Using a PIC16F630 is an awful choice. This controller is very old and support for in circuit debug is very limited. Even finding the debug header is all but impossible now.


    The newer device programmers from Microchip (PICkit3, PICkit4, ICD3, ICD4, Snap) all have a tendency to loose the oscillator calibration settings when there is a problem programming the PIC16F630. The PICkit1 and PICkit2 can regenerate the calibration but these device programmers are obsolete and hard to find.


    So please consider how much trouble you want to go through to use a PIC16F630.
    post edited by dan1138 - 2020/10/19 18:05:36

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    oxygène
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    Re: how to calculate precise value for timer 0 on PIC16F630 with 4m crystal resonator 2020/10/20 00:09:19 (permalink)
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    Hi and thanks for the very well described and detailed answer.
    dan1138
    One possible method to decode this pattern would be:

    When looking for a start of packet:

       Measure the width of a received pulse.
       When a new pulse arrives after 31 times the measure pulse width this is the start of the data.


    When decoding the data:

       A one bit the RF is on for 3 times and off for 1 times the measured pulse width.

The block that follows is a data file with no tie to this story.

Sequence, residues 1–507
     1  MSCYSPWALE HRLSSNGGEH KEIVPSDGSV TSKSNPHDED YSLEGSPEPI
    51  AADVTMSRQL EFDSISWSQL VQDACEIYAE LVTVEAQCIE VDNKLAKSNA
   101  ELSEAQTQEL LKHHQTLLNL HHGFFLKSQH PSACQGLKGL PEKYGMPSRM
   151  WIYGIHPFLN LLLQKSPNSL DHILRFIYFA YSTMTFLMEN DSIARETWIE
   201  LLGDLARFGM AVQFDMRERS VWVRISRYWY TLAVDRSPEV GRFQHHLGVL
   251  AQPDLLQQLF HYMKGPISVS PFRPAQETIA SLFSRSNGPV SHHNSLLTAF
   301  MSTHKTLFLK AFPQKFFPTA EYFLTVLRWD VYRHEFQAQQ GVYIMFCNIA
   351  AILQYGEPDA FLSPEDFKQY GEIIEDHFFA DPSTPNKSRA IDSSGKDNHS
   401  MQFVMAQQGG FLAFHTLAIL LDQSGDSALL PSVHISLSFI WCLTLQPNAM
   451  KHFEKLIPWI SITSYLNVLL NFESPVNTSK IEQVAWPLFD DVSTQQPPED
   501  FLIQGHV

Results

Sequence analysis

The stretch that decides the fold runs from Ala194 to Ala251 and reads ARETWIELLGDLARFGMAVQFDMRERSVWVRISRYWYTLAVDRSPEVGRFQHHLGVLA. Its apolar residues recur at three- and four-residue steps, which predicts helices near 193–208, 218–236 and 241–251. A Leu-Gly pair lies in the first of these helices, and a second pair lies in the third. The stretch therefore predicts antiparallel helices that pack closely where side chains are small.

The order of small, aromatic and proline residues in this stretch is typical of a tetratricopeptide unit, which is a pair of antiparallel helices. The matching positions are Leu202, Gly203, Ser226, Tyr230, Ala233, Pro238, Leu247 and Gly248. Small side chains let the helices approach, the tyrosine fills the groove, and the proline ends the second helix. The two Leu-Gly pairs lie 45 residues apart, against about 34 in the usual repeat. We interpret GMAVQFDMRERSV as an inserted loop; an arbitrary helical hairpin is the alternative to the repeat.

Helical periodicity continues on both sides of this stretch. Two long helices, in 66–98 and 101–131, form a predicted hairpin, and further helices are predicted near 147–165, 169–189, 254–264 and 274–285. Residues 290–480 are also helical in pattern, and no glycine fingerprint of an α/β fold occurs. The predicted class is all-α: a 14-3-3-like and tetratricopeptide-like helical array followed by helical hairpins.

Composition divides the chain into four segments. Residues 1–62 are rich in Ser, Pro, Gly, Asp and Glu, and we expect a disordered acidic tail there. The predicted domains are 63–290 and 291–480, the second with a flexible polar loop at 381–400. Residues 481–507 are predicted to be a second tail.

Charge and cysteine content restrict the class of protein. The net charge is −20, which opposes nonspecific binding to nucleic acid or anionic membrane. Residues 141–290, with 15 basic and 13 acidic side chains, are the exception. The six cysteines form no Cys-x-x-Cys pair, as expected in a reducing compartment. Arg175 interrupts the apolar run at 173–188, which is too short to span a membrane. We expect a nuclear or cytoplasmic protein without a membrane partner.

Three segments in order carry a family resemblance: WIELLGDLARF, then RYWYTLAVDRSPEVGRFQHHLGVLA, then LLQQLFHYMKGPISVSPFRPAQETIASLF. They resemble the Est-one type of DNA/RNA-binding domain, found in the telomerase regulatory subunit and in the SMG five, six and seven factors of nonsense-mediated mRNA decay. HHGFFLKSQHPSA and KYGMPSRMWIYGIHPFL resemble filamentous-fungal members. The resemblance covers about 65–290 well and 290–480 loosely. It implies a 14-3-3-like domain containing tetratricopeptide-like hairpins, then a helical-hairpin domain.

A zero bit the RF is on for 1 times and off for 3 times the measured pulse width.
       There is 24 bits of data.

    I did, didn't work (I can share the code in case you're interested). The noise keeps causing interrupts even if I skip the preamble. How do I know that you may ask, well I wrote anther program just to capture the interrupts and store the timer value and I ended up having random numbers due to the noise, I even took one step further and made an ev1527 emulator send device but reduced the data cycle time (I guess it was around 0.1ms) and it worked flawlessly. So I decided to use an entirely different approach.
    dan1138
    Using a PIC16F630 is an awful choice. This controller is very old and support for in circuit debug is very limited. Even finding the debug header is all but impossible now.

    The newer device programmers from Microchip (PICkit3, PICkit4, ICD3, ICD4, Snap) all have a tendency to loose the oscillator calibration settings when there is a problem programming the PIC16F630. The PICkit1 and PICkit2 can regenerate the calibration but these device programmers are obsolete and hard to find.

    Consider it some sort of [rather difficult] training to improve my programming skills, I happen to have a PICKIT2 too (couldn't find the debug header though).
    post edited by oxygène - 2020/10/20 00:14:28

    Don't be AVR: Easy to program, unstable in harshness.
    Be PIC: Hard to figure out, resistant to noise.
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    dan1138
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    Re: how to calculate precise value for timer 0 on PIC16F630 with 4m crystal resonator 2020/10/20 01:05:35 (permalink)
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    Until your code can accurately detect the preamble I doubt you can get any good results.
     
    This is because everything will look like random noise.
    #4